Trade has long been the key priority of the new government, with Abbott declaring on his election night victory that Australia was “once again open for business.” This message was repeated many times throughout his trip. Trade, however, was not the only area where Abbot made gains for Australia.

With all three countries, Australia made valuable headway in bilateral defense and security cooperation. A “framework agreement” was signed with Japan to share military science, technology, and equipment, and further increase military interoperability with a nod towards the United States. The first point under “Security cooperation” of the joint press release stated that Abbott and Abe “reaffirmed the importance of strong US engagement in the Asia-Pacific region” and expressed “strong support for the US rebalance.” This new agreement has caused some in Australia to conclude that Australia-Japan defense relations are so close that they now constitute “an alliance in practice, if not in name” and indeed, debate has reemerged in Australia about establishing a formal alliance with Japan.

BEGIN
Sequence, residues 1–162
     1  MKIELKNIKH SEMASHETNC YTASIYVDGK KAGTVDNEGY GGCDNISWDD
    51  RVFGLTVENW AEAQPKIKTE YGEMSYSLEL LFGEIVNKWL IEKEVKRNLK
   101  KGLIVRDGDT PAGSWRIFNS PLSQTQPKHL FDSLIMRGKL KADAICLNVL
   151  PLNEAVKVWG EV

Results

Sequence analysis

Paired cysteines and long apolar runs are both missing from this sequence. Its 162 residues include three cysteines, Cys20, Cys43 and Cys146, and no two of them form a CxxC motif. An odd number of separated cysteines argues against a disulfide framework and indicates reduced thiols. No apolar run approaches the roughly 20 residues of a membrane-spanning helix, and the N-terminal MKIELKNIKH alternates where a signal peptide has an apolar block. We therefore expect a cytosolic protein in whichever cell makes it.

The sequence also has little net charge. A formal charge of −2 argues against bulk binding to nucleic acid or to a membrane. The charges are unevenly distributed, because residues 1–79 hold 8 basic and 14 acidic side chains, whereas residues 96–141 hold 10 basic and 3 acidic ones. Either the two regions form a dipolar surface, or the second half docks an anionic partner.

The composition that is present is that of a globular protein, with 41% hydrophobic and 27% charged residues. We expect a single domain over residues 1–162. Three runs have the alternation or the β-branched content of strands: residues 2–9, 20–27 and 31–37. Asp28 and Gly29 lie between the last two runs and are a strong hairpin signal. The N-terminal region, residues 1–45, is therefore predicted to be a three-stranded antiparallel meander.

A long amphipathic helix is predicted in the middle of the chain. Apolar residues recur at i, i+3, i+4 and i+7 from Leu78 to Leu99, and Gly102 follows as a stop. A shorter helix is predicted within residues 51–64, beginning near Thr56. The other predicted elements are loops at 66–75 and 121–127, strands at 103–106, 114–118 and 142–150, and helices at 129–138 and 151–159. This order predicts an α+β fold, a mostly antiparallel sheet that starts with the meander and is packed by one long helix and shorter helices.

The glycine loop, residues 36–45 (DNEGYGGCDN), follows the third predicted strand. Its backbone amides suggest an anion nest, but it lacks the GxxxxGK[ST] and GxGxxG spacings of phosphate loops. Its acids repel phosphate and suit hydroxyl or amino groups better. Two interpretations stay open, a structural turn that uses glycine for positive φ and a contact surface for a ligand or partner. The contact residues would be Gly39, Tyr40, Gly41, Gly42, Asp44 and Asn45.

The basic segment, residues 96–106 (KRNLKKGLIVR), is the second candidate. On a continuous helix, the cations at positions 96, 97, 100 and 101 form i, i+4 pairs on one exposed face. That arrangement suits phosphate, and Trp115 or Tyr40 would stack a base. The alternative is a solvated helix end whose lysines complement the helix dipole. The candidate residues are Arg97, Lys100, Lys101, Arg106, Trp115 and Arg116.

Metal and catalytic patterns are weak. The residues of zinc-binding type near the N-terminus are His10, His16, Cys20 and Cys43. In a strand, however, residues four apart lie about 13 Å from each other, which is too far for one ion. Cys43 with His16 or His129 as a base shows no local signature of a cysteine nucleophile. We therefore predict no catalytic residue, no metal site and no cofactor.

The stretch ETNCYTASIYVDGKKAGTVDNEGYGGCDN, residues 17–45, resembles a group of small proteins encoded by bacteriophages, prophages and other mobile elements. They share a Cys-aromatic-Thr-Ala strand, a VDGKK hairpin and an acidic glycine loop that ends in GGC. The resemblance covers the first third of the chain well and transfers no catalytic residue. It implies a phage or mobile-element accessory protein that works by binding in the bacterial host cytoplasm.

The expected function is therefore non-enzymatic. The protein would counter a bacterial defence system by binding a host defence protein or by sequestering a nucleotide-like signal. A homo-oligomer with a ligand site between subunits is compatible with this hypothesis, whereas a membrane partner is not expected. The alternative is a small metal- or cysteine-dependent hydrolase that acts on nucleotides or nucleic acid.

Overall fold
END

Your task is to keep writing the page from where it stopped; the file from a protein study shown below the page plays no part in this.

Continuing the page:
Security relations with South Korea are somewhat underdeveloped in comparison to those of Japan, but here too Australia made similar advancements. Abbott and South Korean President Park Geun-Hye agreed to share additional military technology and conduct more practical military exercises.

Australia also made headway in security cooperation with China, committing to a series of high-level defense exchanges for this year. This visit to China could not have come at a better time considering Australia’s leadership in the search for missing Malaysia Airlines flight MH370, of which the majority of passengers were Chinese. The fact that Australia continues to work closely with Chinese coast guard ships in the ongoing search effort further enhances prospects for future Australia-China military cooperation. With Australia employing US Navy technology to conduct underwater scans and detect electronic signals, this situation underscores the value of multilateral cooperation in Asia, showcasing the positive ways that the United States, China, and middle powers such as Australia can work collectively. Australia’s competent handling of the search has been well received in China.